United States District Court, W.D. Wisconsin
JUNE E. ROUNDS-RHEAUME, Plaintiff,
UNIVERSITY OF WISCONSIN STATE LABORATORY OF HYGIENE, ATTORNEY JOHN C. DOWLING, ATTORNEY BRIAN D. VAUGHAN, PERSONNEL DIRECTOR SANDRA K. PRISBE, PERSONNEL DIRECTOR CYNDA DEMONTIGNY, and SUPERVISOR BARB WOEHRL, Defendants.
OPINION & ORDER
D. PETERSON District Judge
plaintiff June Rounds-Rheaume used to work at defendant
University of Wisconsin State Laboratory of Hygiene (the
Lab). She alleges that after she quit, the Lab and other
individual defendants prevented her from finding other
employment by refusing to give prospective employers an
accurate description of her position with the Lab. I granted
plaintiff leave to proceed against the Lab with a Title VII
retaliation claim. Dkt. 4. I also granted plaintiff leave to
proceed against the individual defendants with First
Amendment retaliation claims. Id.
has now moved to dismiss plaintiff's Title VII claim
pursuant to Federal Rule of Civil Procedure 12(b)(6). Dkt.
10. The Lab contends that it is not a suable entity, and so
plaintiff has failed to state a claim against it upon which
relief can be granted. Id. I will grant the
Lab's motion to dismiss. But I will add the Board of
Regents of the University of Wisconsin System-the proper
defendant for plaintiff's Title VII claim-to this case.
the following facts from plaintiff's amended complaint,
accepting them as true for purposes of reviewing the
Lab's motion to dismiss. Bonte v. U.S. Bank,
N.A., 624 F.3d 461, 463 (7th Cir. 2010). I summarized
plaintiff's allegations in my screening order, Dkt. 4,
and so I will repeat only the pertinent allegations here.
worked for the Lab from 1978 to 2004. The individual
defendants are all current or former employees of the Lab.
2004, while plaintiff was still working for the Lab, she
filed a written grievance with her union. Plaintiff asked
"for a non-hostile, non-discriminatory work place."
Dkt. 1, at 3. In retaliation for filing the grievance,
two of the individual defendants issued plaintiff a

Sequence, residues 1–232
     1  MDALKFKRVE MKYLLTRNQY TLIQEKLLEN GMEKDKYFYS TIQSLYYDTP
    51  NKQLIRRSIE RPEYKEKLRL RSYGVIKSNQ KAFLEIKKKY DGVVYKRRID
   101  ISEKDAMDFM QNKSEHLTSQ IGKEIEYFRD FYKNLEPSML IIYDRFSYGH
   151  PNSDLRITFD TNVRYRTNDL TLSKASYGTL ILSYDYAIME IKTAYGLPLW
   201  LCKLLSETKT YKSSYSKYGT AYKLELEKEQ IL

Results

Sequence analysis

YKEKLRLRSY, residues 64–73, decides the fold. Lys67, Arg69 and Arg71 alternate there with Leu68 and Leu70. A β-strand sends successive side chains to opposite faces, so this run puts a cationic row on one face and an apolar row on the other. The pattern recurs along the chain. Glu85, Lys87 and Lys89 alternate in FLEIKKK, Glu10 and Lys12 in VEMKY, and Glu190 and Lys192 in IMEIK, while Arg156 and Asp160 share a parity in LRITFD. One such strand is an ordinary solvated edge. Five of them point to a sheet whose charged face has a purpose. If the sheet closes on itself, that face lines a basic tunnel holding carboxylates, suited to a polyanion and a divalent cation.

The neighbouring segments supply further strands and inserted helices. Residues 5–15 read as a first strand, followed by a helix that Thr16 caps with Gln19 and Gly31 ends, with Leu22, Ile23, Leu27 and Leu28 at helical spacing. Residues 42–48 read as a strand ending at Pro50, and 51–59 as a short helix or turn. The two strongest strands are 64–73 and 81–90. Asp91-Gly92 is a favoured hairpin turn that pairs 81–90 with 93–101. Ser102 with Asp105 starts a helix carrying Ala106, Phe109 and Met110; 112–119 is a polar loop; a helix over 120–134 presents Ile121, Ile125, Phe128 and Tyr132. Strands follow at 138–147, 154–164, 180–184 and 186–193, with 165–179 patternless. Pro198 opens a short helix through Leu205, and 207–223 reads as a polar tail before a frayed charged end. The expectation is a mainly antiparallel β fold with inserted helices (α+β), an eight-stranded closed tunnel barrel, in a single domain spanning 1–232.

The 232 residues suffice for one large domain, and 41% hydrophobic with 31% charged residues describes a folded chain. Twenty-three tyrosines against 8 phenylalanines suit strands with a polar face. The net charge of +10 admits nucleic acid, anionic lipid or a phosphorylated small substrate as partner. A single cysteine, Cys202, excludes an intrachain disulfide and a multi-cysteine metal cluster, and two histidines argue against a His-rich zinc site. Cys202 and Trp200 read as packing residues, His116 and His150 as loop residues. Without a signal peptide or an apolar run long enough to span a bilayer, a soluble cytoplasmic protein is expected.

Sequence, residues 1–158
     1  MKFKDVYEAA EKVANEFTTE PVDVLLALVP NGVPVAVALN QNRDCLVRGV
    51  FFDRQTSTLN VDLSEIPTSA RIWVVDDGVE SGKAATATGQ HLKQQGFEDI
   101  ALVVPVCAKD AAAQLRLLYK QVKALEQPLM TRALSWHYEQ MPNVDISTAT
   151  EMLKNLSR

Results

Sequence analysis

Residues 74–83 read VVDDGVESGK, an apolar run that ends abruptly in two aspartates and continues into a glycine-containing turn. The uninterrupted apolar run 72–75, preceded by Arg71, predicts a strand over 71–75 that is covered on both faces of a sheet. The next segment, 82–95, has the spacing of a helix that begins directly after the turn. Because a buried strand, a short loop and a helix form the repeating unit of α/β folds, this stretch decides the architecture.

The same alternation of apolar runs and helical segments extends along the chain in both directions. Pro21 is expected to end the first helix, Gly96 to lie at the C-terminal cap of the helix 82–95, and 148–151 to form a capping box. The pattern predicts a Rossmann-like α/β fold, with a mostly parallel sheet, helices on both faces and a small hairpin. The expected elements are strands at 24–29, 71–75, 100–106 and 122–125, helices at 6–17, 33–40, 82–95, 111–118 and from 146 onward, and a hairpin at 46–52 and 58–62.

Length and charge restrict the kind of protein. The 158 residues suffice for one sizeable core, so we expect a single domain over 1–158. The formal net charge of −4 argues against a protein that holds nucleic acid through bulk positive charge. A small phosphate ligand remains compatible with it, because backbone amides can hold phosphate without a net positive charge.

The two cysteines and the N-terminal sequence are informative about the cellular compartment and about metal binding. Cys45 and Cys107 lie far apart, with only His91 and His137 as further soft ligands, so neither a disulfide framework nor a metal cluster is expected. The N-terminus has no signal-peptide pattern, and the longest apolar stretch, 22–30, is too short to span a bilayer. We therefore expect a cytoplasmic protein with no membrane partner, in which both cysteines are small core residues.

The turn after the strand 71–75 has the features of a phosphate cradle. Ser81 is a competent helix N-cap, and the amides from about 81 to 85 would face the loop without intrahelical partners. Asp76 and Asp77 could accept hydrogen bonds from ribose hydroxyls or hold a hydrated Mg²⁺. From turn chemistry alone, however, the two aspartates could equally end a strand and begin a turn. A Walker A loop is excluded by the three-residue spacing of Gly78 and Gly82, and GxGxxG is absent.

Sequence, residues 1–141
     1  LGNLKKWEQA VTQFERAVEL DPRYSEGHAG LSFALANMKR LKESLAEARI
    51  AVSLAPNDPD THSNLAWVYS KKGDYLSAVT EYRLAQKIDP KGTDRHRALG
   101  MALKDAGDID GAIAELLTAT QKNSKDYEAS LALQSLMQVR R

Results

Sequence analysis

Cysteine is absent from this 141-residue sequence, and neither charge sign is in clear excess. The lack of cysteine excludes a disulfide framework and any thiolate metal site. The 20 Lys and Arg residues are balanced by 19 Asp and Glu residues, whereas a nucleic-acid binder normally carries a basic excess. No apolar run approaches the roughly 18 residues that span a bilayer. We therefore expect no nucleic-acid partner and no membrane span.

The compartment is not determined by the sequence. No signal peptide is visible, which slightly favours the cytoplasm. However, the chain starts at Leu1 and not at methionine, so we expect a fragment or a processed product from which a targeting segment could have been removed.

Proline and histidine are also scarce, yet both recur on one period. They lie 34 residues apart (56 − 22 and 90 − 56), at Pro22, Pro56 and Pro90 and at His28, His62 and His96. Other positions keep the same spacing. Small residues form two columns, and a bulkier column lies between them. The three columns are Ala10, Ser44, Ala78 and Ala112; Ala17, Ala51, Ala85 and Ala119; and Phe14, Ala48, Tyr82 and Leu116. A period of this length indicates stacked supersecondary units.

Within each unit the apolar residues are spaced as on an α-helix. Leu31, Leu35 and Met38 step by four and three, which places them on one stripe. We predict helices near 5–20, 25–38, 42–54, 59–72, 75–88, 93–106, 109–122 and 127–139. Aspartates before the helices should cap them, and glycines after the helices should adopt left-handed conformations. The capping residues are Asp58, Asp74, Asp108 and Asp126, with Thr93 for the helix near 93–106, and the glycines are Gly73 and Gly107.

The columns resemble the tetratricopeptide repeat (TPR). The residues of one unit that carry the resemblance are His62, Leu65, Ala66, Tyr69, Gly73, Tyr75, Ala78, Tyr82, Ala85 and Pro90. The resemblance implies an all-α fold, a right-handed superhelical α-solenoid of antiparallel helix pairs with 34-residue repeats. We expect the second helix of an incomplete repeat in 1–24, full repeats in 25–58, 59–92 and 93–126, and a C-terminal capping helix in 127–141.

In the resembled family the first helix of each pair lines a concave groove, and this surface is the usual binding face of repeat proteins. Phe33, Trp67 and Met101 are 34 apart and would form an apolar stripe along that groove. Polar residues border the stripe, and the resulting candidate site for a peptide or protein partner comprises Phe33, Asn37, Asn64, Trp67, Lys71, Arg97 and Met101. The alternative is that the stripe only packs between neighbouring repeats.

suspension without pay "based on falsified performance
statements of [plaintiff's] work duties, and
character." Id. Plaintiff quit her job later
2007, plaintiff filed a charge of retaliation with the
Wisconsin Department of Workforce Development-Equal Rights
Division (ERD) and with the federal Equal Employment
Opportunity Commission (EEOC). The charge related to the
retaliation that plaintiff had experienced in 2004. Plaintiff
dropped her charge because she "believed obstruction of
justice could be involved." Id. at 2. But the
Lab continued to retaliate against plaintiff by refusing to
provide an accurate description of plaintiff's position,
experience, or character to plaintiff's prospective
employers. Plaintiff eventually stopped interviewing for work
because she could not accurately describe the duties of her
position with the Lab to prospective employers without
getting into the conflict that led her to leave her job.
point, plaintiff filed another charge with the ERD and with
the EEOC. The case progressed far enough that an
administrative law judge recommended that the Lab correct
plaintiff's position description, which it did in October
2015. Plaintiff received a "reference letter" from
the Lab with an accurate description of her job duties, and
she now alleges that the Lab should have provided this
description when she filed her initial complaint.
Id. at 3.
moves to dismiss plaintiff's Title VII retaliation claim
against it pursuant to Rule 12(b)(6). In reviewing the
Lab's motion to dismiss for failure to state a claim, I
construe the complaint in the light most favorable to
plaintiff, accepting her well-pleaded facts as true and
drawing all reasonable inferences in plaintiff's favor.
Burke v. 401 N. Wabash Venture, LLC, 714 F.3d 501,
504 (7th Cir. 2013) (citing Ashcroft v. Iqbal, 556
U.S. 662, 678 (2009)). "To survive a motion to dismiss,
the complaint must contain enough facts to state a claim for
relief that is plausible on its face." Id.
contends that it is not a suable entity. Pursuant to Rule
17(b), I must look to state law to determine whether the Lab
has the capacity to be sued. Under Wisconsin law, the Lab is
not an independent entity; it is a "special
program" that is "attached to the University of
Wisconsin-Madison." Wis.Stat. § 36.25(11)(a).
UW-Madison itself is not a suable entity. Alawiye v.
Univ. of Wis.-Madison, No. 06-cv-233, 2006 WL 1941999,
at *1 (W.D. Wis. July 11, 2006). This means that plaintiff
cannot sue the Lab directly. See also Edwards v. Wis.
Dep't of Corr., No. 04-cv-664, 2004 WL 2473259, at
*4 (W.D. Wis. Nov. 1, 2004) (concluding that the Wisconsin
State Laboratory of Hygiene is "not capable of being
sued"). Instead, the proper defendant for
plaintiff's Title VII claim is the Board of Regents of
the University of Wisconsin System, which governs the schools
and programs within the university. Wis.Stat. § 36.09.
to Rule 21, I will substitute the Board of Regents as a
defendant, in place of the Lab. Although the Board of Regents
is entitled to formal service of plaintiff's summons and
complaint, it may be efficient for all parties to avoid that
formality. The Attorney General's office-which is already
representing the other defendants-will presumably also
represent the Board of Regents. By July 27, 2016, counsel for
defendants should indicate whether they will accept service
for the Board of Regents. If counsel accepts service, then
the Board of Regents may have until August 10, 2016, to
answer or otherwise respond to plaintiff's complaint.
should be aware that her Title VII claim has other potential
problems. As I noted in my screening order, plaintiff's
Title VII claim might not be timely. Dkt. 4, at 6-7. Once the
Board of ...